How much would it cost?
All up that’s over 800km of new expressway and it’s not going to come cheap. To get an indication of just what it might cost I took a look at the projects just announced and many similar types of projects completed over the last decade or so to provide a reference. As part of this I excluded projects like the widening of existing motorways but I have included a number of 2-lane highway realignments, such as the recently completed Matakohe Bridges as they’ve often involved decent scale earthworks and bridges.
In all cases I looked at a cost per km to provide a better comparison and I adjusted them for inflation. As you can see below, there’s a wide variety of costs as each project will have different amounts of earthworks and structures needed. As such the price range for expressway grade roads seems to vary from about $15 million per km to about $80 million per km.
For the hypothetical network above, in cases where we know the estimated costs, such as from a recent business case, I’ve used those figures, otherwise I’ve used a figure of $30 million per km. In total these motorways/expressways would cost the country close to $27 billion to build on top of existing commitments such as the over $4 billion recently announced. Even spread out evenly over 20 years, as Joyce suggests, it would leave little or no money for any other, likely more valuable, project.
So they’re expensive but do they make sense?
When should we build them?
One of the projects we have a good idea of costs about is Warkworth to Wellsford. The project isn’t funded but recently the NZTA announced they were going to be lodging resource consent for it next month – probably a part of refilling the bucket of ‘shovel ready’ road projects for the next time the government comes knocking for projects to quickly fund. As part of this, they’ve also released the business case for the project.
The road will be 26km and has an estimated cost range of $1.7 to $2.1 billion, meaning it has an average cost of $65-85 million per km. This is much higher than many other four-lane highway projects and one of the reasons for this is likely to be that the project includes an 850m tunnel which they say is to avoid the need for a 150m high cut through the hillside. For a quick comparison, the Johnsons Hills tunnels just south of Puhoi are 340m, the Victoria Park tunnel is 440m and Waterview is 2.4km in length.
However while there are benefits to the project, they’re not that large as the traffic volumes are relatively low (12-15k vehicles per day) and over it’s length it only saves about 3 minutes of travel time. This means the Benefit Cost Ratio (BCR) for the project is just 0.7, meaning it returns only 70c for every dollar it costs to build.
But what’s particularly interesting about the business case is it includes a set of project triggers for when it might be needed. These are:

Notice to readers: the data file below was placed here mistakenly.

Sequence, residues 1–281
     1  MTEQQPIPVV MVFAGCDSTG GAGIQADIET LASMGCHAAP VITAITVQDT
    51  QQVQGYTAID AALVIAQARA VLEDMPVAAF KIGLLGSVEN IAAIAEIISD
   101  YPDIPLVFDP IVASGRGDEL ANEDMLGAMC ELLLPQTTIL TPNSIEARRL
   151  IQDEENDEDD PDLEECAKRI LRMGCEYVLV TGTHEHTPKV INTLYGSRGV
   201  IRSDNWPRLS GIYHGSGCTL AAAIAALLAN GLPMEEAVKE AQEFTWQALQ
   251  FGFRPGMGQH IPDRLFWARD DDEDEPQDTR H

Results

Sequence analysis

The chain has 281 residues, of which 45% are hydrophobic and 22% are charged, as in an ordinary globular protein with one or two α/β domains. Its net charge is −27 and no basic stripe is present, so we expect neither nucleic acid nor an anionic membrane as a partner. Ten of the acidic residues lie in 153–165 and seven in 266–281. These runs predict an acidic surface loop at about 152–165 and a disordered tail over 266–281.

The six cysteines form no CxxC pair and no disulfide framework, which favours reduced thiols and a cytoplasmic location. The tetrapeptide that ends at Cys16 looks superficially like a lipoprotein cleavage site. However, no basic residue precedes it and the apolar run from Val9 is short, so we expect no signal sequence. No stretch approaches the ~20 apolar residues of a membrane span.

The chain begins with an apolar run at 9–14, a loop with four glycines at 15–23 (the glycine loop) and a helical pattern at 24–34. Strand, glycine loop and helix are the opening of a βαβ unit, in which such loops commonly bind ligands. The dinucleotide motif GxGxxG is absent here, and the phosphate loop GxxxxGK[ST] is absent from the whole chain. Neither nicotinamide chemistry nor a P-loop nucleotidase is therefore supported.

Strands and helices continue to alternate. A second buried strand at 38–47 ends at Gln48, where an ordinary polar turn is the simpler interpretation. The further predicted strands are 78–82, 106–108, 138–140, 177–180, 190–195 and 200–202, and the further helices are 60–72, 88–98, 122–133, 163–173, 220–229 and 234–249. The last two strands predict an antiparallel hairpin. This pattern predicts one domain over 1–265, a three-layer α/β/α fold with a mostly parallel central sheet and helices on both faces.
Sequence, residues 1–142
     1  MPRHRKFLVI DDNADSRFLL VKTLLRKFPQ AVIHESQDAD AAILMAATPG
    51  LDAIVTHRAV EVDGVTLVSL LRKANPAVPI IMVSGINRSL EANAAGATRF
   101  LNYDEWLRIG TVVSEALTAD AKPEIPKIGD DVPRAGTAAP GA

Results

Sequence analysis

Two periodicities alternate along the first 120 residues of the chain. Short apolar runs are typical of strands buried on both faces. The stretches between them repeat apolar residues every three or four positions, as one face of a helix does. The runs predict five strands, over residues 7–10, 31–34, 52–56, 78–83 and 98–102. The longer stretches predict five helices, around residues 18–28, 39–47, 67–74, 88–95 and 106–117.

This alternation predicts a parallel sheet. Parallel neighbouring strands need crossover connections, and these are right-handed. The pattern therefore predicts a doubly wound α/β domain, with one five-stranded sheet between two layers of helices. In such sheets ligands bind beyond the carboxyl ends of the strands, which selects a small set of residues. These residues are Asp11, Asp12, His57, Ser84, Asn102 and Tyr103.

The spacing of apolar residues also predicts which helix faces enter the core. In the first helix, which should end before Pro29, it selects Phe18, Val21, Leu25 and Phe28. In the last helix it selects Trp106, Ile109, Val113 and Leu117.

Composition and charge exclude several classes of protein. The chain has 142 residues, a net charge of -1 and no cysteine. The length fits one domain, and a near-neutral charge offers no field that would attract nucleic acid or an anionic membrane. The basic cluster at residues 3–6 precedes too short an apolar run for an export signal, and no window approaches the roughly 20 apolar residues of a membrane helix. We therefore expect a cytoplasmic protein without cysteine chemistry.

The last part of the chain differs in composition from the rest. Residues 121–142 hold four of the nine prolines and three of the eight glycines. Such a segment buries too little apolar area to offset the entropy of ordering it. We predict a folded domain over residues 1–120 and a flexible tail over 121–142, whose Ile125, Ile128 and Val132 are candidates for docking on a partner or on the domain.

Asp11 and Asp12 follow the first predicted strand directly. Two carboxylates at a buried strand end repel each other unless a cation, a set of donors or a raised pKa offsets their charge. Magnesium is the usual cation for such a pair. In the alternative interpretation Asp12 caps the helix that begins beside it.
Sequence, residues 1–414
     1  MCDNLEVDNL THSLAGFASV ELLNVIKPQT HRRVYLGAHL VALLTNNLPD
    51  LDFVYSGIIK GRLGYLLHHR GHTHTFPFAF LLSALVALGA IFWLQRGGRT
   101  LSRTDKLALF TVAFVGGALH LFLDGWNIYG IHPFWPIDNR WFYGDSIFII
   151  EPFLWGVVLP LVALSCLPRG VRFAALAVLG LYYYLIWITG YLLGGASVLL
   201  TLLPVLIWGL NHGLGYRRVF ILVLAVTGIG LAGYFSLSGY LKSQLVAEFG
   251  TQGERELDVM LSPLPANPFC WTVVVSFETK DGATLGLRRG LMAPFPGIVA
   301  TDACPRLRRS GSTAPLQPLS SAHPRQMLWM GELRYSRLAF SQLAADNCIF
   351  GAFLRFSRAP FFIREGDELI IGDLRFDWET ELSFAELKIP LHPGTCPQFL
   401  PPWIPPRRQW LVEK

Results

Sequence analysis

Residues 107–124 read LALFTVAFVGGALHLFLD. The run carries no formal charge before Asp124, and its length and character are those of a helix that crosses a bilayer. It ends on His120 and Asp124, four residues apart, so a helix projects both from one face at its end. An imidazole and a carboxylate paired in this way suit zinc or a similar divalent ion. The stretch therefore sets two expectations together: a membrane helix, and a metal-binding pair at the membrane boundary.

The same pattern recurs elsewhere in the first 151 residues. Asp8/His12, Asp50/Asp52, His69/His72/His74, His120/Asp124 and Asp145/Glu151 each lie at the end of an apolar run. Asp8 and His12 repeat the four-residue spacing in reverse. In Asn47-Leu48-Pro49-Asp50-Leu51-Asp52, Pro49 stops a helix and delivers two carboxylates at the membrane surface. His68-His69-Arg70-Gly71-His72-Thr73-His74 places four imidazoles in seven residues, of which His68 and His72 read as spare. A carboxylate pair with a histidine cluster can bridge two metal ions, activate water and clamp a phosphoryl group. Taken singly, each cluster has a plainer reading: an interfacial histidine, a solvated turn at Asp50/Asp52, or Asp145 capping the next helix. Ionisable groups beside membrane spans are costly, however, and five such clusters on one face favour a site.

A mix of criteria is proposed to the trigger the implementation for the Project, being at least two of the following criteria:
- DSI savings forecast from Dome Valley safety improvements not achieved within 3 years
- A 30% increase in total number of closure hours per annum from 2018 levels
- Forecast traffic volumes are predicted to exceed 25,000 AADT
It’s the last one that is most interesting as it provides a useful reference point for other potential state highway projects. For reference, most sections of the Waikato expressway do about 25-30k vehicles per day.
State Highway Traffic Volumes
Finally, something I was actually working on from before the announcement. The graphs below show average daily traffic volumes on a number of state highways. I’ve included a line showing what 25k per day looks like. I’ve also kept the volumes at the same scale
A few things that these highlight.
- Auckland is in a league of its own. Even traffic volumes on the busiest section of motorway in Wellington or Christchurch doesn’t come close to the amount of traffic on most of Auckland’s motorways.
- The busiest section of motorway in the county is between Khyber Pass and Gillies Ave with just over 200k vehicles per day.
- Even existing sections of the Waikato Expressways only carry around 25k vehicles per day.
- Apart from a few urban areas, there’s almost no-where where volumes are close to that 25k per day threshold.
- The first graph really highlights how long SH1 is north of Auckland
The low volumes on most of our state highway network combined with the high costs of upgrading to expressway standards suggests that likely the best course of action are more projects such as those 2-lane realignments in the cost graph above. Combine those with safety upgrades such as median and side barriers, additional passing lanes and we can probably get most of the benefits of an expressway for a fraction of the cost.